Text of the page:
Greek mythology tells of a king named Sisyphus, punished by Zeus for an act of deceit. In the story, Sisyphus is eternally tasked to roll an enormous boulder up a steep hill, only to watch helplessly as the boulder inevitably rolls down when it reaches the top. 

Today, the Oxford English Dictionary defines “Sisyphean” as “denoting a task that can never be completed”. A Sisyphean task – this is what I think of when friends and family ask me for quick and easy ways to improve their English.

To me, learning is a life-long process, and few can ensure learning that is both immediate and authentic. I can, of course, do my best to help. 


How many of us here have heard that to get better at a language, we have to listen, read, write, and speak? Although these so-called four ‘language skills’ seem simple in theory, many people either under- or overthink them, leading to much spinning of their wheels.

The fact is that neither discounting the practice of fundamental usage skills, nor obsessing over the kind of material to consume, is beneficial towards the learner. All listening, reading, writing, and speaking will be helpful; in fact, the more diverse the content you consume, the better.  


There is no ‘right’ and ‘wrong’ type of thing to read! When I was younger, literature reigned king, and so I was told to only read books. Today, primary school students take Media Studies, which is “designed to train students to be media literate individuals” (SEAB, 2017).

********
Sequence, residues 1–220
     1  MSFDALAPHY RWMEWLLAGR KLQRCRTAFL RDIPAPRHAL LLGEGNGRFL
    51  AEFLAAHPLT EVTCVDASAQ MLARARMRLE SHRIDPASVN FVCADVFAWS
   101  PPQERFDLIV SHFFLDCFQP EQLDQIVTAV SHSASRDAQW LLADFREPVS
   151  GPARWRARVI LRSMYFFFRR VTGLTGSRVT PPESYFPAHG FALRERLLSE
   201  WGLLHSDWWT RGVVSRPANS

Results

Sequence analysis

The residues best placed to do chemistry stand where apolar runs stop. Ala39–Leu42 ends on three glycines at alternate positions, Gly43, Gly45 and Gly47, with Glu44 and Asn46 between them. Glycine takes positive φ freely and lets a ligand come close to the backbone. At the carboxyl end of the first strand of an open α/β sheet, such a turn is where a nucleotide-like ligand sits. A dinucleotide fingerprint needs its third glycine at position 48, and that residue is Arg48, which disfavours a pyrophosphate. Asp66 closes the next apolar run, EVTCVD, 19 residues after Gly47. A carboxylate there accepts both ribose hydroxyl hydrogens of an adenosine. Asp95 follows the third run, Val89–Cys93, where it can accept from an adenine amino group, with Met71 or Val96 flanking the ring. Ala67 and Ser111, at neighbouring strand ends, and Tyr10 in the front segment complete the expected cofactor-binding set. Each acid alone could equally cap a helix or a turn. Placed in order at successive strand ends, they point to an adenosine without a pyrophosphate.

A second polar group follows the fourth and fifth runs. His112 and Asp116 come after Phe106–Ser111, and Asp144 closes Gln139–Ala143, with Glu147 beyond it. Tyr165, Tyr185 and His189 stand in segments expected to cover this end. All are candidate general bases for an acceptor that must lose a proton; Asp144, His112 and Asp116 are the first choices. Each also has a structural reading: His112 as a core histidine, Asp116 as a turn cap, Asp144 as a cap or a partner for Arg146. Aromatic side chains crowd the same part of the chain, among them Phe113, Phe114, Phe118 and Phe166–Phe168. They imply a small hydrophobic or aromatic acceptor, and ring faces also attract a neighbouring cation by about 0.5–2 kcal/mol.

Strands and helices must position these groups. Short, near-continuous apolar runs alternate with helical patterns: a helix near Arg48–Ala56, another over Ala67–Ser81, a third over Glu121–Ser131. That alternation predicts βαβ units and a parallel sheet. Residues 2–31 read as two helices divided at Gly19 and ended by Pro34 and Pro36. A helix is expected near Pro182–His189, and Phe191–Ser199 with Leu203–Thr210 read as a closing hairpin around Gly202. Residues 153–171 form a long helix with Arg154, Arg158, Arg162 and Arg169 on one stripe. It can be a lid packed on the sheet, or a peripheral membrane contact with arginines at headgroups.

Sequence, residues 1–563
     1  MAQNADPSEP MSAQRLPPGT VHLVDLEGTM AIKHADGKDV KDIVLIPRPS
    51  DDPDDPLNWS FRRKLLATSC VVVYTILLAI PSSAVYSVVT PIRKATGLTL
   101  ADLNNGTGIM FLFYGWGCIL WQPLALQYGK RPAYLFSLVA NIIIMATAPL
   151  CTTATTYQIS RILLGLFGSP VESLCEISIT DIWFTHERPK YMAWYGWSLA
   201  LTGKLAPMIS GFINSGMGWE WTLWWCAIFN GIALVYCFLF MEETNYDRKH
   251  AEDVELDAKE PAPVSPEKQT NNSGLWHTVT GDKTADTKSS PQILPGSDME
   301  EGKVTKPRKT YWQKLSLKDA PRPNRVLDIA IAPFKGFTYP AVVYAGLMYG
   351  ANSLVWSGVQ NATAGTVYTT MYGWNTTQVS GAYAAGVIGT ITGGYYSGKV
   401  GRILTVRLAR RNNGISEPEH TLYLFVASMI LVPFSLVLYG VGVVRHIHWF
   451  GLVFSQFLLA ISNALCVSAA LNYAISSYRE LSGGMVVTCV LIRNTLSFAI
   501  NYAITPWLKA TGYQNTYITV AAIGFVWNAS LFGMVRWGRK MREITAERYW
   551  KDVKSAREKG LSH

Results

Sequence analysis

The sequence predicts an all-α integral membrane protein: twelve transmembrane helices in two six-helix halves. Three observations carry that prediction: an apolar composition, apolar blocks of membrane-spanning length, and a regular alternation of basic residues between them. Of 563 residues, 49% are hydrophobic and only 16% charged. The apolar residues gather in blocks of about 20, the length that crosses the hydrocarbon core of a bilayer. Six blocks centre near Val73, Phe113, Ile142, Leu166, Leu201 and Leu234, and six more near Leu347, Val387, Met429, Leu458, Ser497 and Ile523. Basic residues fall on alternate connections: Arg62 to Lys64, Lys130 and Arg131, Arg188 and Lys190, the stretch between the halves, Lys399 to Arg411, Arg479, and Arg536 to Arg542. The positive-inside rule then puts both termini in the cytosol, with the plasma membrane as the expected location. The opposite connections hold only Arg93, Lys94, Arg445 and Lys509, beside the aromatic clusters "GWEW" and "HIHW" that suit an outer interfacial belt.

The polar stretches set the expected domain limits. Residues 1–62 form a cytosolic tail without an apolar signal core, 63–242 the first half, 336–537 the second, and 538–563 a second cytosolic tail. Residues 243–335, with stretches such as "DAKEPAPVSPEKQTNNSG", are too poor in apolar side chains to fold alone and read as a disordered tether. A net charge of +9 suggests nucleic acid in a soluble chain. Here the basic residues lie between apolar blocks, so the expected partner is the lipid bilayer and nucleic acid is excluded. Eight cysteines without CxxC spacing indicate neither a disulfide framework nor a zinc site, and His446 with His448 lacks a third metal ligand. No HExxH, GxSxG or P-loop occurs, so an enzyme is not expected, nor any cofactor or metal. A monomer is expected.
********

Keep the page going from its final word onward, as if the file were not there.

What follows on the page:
Indeed, improving our English means being able to understand any text, so that we can critically think about its content or communicate effectively with its author. 

To borrow the words of linguist Wilhem von Humboldt: language is the ‘infinite use of finite means’. English, like any other language, does not draw from a fixed pool of knowledge.

Outside the classroom – which is to say, in the grander scheme of things – English is used in multifarious ways. Reading (and listening, speaking, and writing) diversely is a surefire way to improve without even feeling like you’re trying. It’s like ‘learning by osmosis’!


I may be biased as a Linguistics major, but delving into the history of language and words is one of my favourite ways to improve. Have you ever looked at a list of irregular verbs and wondered why English grammar was so hard to master?

Have you ever looked at an idiom and questioned how exactly their meaning could differ so drastically from its literal one? Well, your answers lie in history – how English has changed over time. 

This video, for example, explains why irregular verbs even exist:

By looking up how a particularly difficult-to-remember grammar or vocabulary point has evolved over time to be the way it currently is, you equip yourself with a mnemonic device that will concretise your memory further. 

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About The Author

Miss Fiona Tan is a Teacher Associate at Creative Campus. As a Hwa Chong Institution and NUS alumna, she is particularly familiar with what it takes to excel in demanding exam conditions.